Can Lichen Sclerosus Affect the Mouth?
Yes, lichen sclerosus can affect the mouth or oral mucosa. Lichen sclerosus is a chronic inflammatory disease of mucocutaneous (affecting the mucous membranes) origin. It usually appears in the anorectal region but can affect the oral mucosa as well. Females are mostly affected at least 6 times more than males. It is mostly seen in post-menopausal women; however pre-menopausal women can also be affected. In this condition the skin becomes thin, white and wrinkled that can lead to itching and pain.
Causes and Symptoms of Lichen Sclerosus
Its etiology remains unknown, but several factors have been suggested to cause lichen sclerosus namely auto-immune disease where the body’s immune system attacks and injures its own skin, genetic predisposition, trauma, hormonal changes (known to affect pre-pubertal girls and postmenopausal women and treatments such as hormone replacement therapy and application of progestetone and testosterone are not effective in these people), thyroid disease, anemia, diabetes, alopecia areata, vitiligo and infections leading to chronic irritation.
Lichen sclerosus lesions can range from small patches that are white in color to large plaques, which may or may not be associated with atrophy and sclerosis. Genitals and anal region are the most commonly affected sites with lichen sclerosus. The other sites where lesions can be found are the thighs, breasts, submammary area, neck, back, chest, shoulders and wrists but here they usually remain asymptomatic.
In lichen sclerosus the oral cavity lesions are very rare and usually associated with genital lesions and skin abnormalities. The lesions appear to be well demarcated, white to grey colored macules or plaques, which can be variable in size and number and similar to the lesions found in the genitals. The buccal, labial and palatal mucosa are the most commonly affected intraoral sites. However, the reported cases of people with oral lesions due to lichen sclerosus have been very few and affect about 20% of the cases along with other extragenital areas.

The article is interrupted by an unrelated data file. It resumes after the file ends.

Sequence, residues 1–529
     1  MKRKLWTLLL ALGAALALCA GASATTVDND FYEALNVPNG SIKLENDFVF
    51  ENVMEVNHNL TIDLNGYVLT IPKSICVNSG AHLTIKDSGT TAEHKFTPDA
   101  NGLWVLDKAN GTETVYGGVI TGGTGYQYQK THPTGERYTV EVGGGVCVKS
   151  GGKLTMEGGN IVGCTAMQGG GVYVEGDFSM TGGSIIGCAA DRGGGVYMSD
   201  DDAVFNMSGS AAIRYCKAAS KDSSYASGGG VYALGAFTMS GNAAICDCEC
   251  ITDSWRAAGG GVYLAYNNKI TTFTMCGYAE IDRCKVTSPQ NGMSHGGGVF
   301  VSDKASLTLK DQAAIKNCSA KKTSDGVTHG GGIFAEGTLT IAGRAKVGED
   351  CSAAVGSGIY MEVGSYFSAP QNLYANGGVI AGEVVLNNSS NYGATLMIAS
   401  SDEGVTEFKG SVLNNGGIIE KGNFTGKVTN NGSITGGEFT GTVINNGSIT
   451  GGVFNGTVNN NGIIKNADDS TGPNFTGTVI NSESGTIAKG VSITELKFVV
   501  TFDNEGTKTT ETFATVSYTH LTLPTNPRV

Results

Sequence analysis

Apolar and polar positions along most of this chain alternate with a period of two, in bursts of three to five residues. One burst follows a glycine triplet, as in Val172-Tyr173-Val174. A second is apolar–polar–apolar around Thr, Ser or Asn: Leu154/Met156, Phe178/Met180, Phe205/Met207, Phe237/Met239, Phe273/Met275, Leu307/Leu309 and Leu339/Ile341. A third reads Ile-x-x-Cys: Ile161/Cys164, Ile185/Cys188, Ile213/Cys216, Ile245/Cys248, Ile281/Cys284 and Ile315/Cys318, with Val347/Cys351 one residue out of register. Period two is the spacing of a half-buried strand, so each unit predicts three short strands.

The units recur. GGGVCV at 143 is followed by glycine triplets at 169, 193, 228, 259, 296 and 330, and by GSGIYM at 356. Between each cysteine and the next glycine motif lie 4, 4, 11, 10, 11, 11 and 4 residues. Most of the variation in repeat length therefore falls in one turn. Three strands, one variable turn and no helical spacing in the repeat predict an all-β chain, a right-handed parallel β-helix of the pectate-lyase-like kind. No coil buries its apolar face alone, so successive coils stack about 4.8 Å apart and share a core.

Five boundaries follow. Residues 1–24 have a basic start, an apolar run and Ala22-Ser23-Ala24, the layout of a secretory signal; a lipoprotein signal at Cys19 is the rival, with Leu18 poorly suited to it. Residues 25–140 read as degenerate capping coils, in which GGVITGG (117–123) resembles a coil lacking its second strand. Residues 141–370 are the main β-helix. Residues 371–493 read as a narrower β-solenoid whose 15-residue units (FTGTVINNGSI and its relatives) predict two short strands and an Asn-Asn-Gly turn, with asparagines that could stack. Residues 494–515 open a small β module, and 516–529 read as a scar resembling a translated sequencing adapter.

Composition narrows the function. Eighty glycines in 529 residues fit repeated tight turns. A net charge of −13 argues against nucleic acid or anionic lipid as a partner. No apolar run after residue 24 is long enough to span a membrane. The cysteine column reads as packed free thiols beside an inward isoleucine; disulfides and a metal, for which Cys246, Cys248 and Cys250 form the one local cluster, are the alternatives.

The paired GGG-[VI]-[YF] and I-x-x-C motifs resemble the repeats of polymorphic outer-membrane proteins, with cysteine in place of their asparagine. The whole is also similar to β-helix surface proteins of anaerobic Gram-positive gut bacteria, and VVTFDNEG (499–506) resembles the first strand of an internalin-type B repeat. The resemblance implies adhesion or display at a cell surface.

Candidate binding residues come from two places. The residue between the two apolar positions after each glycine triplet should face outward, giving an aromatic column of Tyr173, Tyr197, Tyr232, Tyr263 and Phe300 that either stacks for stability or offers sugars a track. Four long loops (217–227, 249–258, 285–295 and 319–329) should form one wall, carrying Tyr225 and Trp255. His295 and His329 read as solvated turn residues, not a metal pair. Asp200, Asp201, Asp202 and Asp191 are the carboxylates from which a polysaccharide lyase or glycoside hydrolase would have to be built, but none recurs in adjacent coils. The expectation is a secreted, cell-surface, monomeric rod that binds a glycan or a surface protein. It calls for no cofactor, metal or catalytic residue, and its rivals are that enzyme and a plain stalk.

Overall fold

The other conditions which can be confused with Lichen Sclerosus are leukoplakia, lichen planus, localized scleroderma and vitiligo.
Diagnosis of Lichen Sclerosus
A thorough history of the patient along with physical examination is the basic step to identify the condition. A skin examination of the genitals and other susceptible areas is done to look for signs of lichen sclerosus. A biopsy is done to confirm the diagnosis of lichen sclerosus. In this a small piece of skin is removed and sent to be examined by a pathologist.
Tests are also done to exclude other similar skin conditions such as lichen planus, which occurs together with lichen sclerosus. Lichen sclerosus should be differentiated from lichen planus as in the oral cavity; it is clinically indistinguishable from lichen planus. Biopsy is the gold standard to differentiate lichen sclerosus from lichen planus.
Diagnosing lichen sclerosus in the early stages is important for effective management and also to reduce the risk of developing or missing a diagnosis of skin cancer. Typically a yearly examination of vulvar skin is recommended and self-examination should also be done for lumps and sores that do not heal. A biopsy should be done for the areas that do not improve with treatment. Lichen sclerosus lesions in men that affect the skin in penis are more susceptible to squamous skin cell carcinoma of the penis.
Treatment and Management of Lichen Sclerosus
The goal of treatment is to relieve the symptoms and prevent them from worsening any further. Steroid ointments are usually given to soothe itching and inflammation such as clobesatol proprionate that is effective in majority of women with genital lichen sclerosus. Steroid injections may also be given when ointments are not effective. Other topical ointments used are tacrolimus and pimecrolimus used mostly in people who do not respond well to steroid treatment.
Treatment of oral lichen sclerosus is not really required since it is asymptomatic and benign and has no evidence of recurrence. The only concern about oral lichen sclerosus is of cosmetic nature, which can be managed with topical application of steroids.
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